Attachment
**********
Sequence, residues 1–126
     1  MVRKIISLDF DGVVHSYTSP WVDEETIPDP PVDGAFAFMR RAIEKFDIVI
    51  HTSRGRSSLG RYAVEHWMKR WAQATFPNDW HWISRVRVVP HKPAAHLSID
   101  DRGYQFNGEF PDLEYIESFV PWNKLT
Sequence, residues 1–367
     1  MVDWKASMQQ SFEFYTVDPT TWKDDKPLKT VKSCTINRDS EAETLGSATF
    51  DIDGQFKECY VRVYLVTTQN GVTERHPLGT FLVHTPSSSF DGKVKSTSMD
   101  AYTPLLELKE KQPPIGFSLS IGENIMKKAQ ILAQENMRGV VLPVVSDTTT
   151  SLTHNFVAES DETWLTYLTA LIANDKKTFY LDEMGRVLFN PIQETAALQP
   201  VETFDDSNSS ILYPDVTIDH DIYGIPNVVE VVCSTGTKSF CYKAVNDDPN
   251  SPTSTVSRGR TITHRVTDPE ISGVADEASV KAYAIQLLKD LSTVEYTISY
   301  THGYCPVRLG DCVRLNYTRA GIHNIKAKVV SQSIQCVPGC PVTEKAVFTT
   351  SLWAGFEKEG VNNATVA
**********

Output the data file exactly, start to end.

Sequence, residues 1–126
     1  MVRKIISLDF DGVVHSYTSP WVDEETIPDP PVDGAFAFMR RAIEKFDIVI
    51  HTSRGRSSLG RYAVEHWMKR WAQATFPNDW HWISRVRVVP HKPAAHLSID
   101  DRGYQFNGEF PDLEYIESFV PWNKLT
Sequence, residues 1–367
     1  MVDWKASMQQ SFEFYTVDPT TWKDDKPLKT VKSCTINRDS EAETLGSATF
    51  DIDGQFKECY VRVYLVTTQN GVTERHPLGT FLVHTPSSSF DGKVKSTSMD
   101  AYTPLLELKE KQPPIGFSLS IGENIMKKAQ ILAQENMRGV VLPVVSDTTT
   151  SLTHNFVAES DETWLTYLTA LIANDKKTFY LDEMGRVLFN PIQETAALQP
   201  VETFDDSNSS ILYPDVTIDH DIYGIPNVVE VVCSTGTKSF CYKAVNDDPN
   251  SPTSTVSRGR TITHRVTDPE ISGVADEASV KAYAIQLLKD LSTVEYTISY
   301  THGYCPVRLG DCVRLNYTRA GIHNIKAKVV SQSIQCVPGC PVTEKAVFTT
   351  SLWAGFEKEG VNNATVA